GOOD

Small Surprise: Books About Women Don’t Win Big Awards

Big data points to the problem–and offers a possible solution–when it comes to literary gender equality.

She's watching (Image via Wikimedia)

Book awards may not attract as much attention as, say, Neil Patrick Harris walking on stage in his underwear, but they still get plenty of press (and way more respect). Novelist Nicola Griffith follows these awards, and started to notice a creepy pattern: books not just by, but about women, never seemed to win any awards. Griffith went through award history, and found her suspicions confirmed: of the 15 books to win a Pulitzer Prize from 2000-2015, absolutely zero were written exclusively from a woman’s point of view.


Griffith went through the major awards, including The Man Booker Prize, The National Book Award, The National Book Circle Critics Award, The Hugo Award, The Pulitzer, and The Newbery. Here are some of her outrageous findings:

— Books by men about men won eight out of 15 Pulitzer Prizes. Books by women about women won zero.

— Books by women about men, though, won three out of 15 Pulitzer Prizes.

— The only category where women dominated was the Newbery Medal for children’s literature, considered the “least prestigious” of the awards.

— The more prestigious the award, the more likely men were to receive it.

— Books by men were much more likely than books by women to win an award.

— Of the 70 major literary awards awarded in the past 14 years, only seven went to women writing about women.

— Women have “literary cooties” (her words).

Griffith has come up with some pretty enterprising solutions to the problem, and is encouraging researchers to examine big data. How long has this problem been happening? Who’s doing the reviewing, and what are their genders? (Names? Homes? Addresses?)

Public stalking is discouraged, but public information breeds change.

HINT HINT HINT (Image via Wikimedia)

Articles
via Gage Skidmore / Flickr

If you are totally ready to move on from Donald Trump, you're not alone. According to a report last April from the Wason Center National Survey of 2020 Voters, "President Trump will be the least popular president to run for reelection in the history of polling."

Yes, you read that right, "history of polling."

Keep Reading Show less
Politics
via Around the NFL / Twitter

After three years on the sidelines, Colin Kapernick will be working out for multiple NFL teams on Saturday, November 16 at the Atlanta Falcons facility.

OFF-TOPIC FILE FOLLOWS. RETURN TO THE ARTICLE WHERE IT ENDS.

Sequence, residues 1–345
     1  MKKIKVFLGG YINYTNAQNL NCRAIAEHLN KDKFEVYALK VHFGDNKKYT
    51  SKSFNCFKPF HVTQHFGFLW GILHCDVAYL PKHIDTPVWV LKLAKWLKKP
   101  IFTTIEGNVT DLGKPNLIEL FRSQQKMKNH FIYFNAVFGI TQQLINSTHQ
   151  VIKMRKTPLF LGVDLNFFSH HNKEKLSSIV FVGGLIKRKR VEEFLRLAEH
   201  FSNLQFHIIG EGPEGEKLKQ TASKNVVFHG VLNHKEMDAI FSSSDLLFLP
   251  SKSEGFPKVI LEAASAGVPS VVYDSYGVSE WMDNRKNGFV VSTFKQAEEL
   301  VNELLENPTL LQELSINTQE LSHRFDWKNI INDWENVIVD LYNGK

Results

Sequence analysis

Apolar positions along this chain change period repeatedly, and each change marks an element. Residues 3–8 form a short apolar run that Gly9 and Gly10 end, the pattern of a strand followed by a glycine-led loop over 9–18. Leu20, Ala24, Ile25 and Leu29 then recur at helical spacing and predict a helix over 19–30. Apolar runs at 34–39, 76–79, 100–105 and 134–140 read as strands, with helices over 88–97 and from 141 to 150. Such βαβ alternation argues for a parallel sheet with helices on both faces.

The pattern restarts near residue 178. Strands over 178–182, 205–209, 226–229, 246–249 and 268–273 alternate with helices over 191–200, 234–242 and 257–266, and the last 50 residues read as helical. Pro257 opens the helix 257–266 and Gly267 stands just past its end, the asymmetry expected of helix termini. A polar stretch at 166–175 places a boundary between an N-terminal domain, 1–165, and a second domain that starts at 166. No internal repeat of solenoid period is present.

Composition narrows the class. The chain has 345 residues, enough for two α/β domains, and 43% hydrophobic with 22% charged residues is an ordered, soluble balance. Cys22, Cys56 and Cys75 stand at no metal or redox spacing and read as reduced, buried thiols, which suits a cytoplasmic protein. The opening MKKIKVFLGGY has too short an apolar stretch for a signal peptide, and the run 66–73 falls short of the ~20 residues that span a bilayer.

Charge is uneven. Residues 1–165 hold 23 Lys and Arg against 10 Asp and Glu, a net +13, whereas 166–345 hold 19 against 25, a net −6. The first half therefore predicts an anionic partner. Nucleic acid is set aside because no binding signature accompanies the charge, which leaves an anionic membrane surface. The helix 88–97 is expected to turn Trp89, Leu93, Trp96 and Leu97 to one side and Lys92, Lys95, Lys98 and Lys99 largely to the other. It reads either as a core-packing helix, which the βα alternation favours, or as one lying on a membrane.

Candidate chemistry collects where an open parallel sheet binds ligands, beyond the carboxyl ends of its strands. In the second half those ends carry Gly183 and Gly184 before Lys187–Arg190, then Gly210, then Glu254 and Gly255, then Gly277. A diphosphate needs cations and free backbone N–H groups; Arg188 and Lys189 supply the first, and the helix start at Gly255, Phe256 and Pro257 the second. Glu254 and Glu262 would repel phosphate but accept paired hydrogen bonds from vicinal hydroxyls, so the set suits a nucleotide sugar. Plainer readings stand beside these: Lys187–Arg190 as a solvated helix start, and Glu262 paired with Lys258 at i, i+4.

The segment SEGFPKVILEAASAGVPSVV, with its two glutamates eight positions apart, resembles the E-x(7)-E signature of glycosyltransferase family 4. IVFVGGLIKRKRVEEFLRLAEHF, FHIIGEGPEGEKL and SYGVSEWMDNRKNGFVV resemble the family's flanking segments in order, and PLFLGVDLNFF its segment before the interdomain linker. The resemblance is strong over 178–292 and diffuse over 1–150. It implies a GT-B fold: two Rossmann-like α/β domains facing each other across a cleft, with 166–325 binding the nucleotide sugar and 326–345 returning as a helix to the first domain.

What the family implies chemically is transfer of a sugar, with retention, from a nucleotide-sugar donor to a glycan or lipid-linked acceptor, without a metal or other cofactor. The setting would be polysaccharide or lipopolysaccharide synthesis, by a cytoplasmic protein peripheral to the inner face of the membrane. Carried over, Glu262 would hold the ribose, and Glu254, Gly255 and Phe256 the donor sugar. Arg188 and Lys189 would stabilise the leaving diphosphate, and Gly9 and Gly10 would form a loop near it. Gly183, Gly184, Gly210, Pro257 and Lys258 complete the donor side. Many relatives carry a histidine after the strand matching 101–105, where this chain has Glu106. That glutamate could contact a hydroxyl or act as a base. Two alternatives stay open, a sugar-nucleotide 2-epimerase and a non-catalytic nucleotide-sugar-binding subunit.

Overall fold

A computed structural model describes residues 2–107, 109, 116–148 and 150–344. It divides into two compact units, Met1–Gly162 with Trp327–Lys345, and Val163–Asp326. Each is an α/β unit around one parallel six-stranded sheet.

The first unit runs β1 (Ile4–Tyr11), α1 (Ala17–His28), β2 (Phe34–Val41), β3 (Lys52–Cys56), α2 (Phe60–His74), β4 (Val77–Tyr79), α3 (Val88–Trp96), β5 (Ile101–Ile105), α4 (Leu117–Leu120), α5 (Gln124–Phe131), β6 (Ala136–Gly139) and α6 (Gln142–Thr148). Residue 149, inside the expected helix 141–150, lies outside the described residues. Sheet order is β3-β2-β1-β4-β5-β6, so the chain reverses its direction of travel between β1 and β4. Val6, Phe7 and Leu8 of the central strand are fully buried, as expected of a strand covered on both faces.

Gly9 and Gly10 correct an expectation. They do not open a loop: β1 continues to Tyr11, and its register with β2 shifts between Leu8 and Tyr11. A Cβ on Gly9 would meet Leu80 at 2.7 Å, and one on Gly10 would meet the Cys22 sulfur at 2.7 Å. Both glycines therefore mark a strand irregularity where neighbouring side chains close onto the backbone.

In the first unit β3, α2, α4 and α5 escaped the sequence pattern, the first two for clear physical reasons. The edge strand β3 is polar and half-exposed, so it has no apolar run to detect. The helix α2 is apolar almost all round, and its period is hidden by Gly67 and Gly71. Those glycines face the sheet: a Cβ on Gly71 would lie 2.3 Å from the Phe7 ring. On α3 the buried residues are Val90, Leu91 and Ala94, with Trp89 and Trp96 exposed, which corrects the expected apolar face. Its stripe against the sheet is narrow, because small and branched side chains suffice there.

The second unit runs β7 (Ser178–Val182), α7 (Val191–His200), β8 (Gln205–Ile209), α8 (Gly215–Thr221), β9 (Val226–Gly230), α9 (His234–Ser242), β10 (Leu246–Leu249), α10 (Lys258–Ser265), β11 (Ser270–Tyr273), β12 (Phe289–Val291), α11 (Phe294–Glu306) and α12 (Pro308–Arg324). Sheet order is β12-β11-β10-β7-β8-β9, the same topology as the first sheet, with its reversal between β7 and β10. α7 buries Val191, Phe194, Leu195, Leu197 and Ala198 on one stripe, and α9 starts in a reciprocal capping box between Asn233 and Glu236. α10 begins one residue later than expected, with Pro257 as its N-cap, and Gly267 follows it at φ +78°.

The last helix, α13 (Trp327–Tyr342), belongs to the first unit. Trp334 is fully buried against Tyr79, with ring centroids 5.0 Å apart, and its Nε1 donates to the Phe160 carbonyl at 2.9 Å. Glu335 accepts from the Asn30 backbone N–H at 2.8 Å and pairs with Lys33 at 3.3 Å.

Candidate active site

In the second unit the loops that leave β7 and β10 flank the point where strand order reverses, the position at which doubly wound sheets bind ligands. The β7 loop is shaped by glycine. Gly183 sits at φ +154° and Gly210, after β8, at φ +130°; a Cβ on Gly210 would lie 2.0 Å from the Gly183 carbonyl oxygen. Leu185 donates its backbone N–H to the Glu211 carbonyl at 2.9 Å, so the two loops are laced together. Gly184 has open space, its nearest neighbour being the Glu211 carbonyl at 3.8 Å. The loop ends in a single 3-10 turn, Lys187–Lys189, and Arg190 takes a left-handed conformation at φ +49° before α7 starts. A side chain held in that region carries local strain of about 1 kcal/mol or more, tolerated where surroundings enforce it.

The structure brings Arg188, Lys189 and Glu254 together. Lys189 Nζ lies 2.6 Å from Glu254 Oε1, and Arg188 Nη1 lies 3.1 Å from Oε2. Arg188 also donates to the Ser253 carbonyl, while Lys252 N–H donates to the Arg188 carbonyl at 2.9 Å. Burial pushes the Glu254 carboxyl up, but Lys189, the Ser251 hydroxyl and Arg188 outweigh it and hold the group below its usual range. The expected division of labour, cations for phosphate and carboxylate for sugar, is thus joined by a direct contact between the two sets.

The former 49er quarterback who inflamed the culture wars by peacefully protesting against social injustice during the national anthem made the announcement on Twitter Tuesday.

Kaepernick is scheduled for a 15-minute on-field workout and an interview that will be recorded and sent to all 32 teams. The Miami Dolphins, Dallas Cowboys, and Detroit Lions are expected to have representatives in attendance.

RELATED: Joe Namath Says Colin Kaepernick And Eric Reid Should Be Playing In The NFL

"We like our quarterback situation right now," Miami head coach, Brian Flores said. "We're going to do our due diligence."

NFL Insider Steve Wyche believes that the workout is the NFL's response to multiple teams inquiring about the 32-year-old quarterback. A league-wide workout would help to mitigate any potential political backlash that any one team may face for making an overture to the controversial figure.

Kapernick is an unrestricted free agent (UFA) so any team could have reached out to him. But it's believed that the interested teams are considering him for next season.

RELATED: Video of an Oakland train employee saving a man's life is so insane, it looks like CGI

Earlier this year, Kaepernick and Carolina Panthers safety Eric Reid reached a financial settlement with the league in a joint collusion complaint. The players alleged that the league conspired to keep them out after they began kneeling during the national anthem in 2016.

Before the 2019 season, Kaepernick posted a video of himself working out on twitter to show he was in great physical condition and ready to play.

Kaepnick took the 49ers to the Super Bowl in 2012 and the NFC Championship game in 2013.

He has the 23rd-highest career passer rating in NFL history, the second-best interception rate, and the ninth-most rushing yards per game of any quarterback ever. In 2016, his career to a sharp dive and he won only of 11 games as a starter.

Culture

In the category of "claims to fame nobody wants," the United States can now add "exporter of white supremacist ideology" to its repertoire. Super.

Russell Travers, acting director of the National Counterterrorism Center, made this claim in a briefing at The Washington Institute in Washington, D.C. "For almost two decades, the United States has pointed abroad at countries who are exporters of extreme Islamist ideology," Travers said. "We are now being seen as the exporter of white supremacist ideology. That's a reality with which we are going to have to deal."

Keep Reading Show less

Between Alexa, Siri, and Google, artificial intelligence is quickly changing us and the way we live. We no longer have to get up to turn on the lights or set the thermostat, we can find the fastest route to work with a click, and, most importantly, tag our friends in pictures. But interacting with the world isn't the only thing AI is making easier – now we can use it save the world, too.

Keep Reading Show less
Good News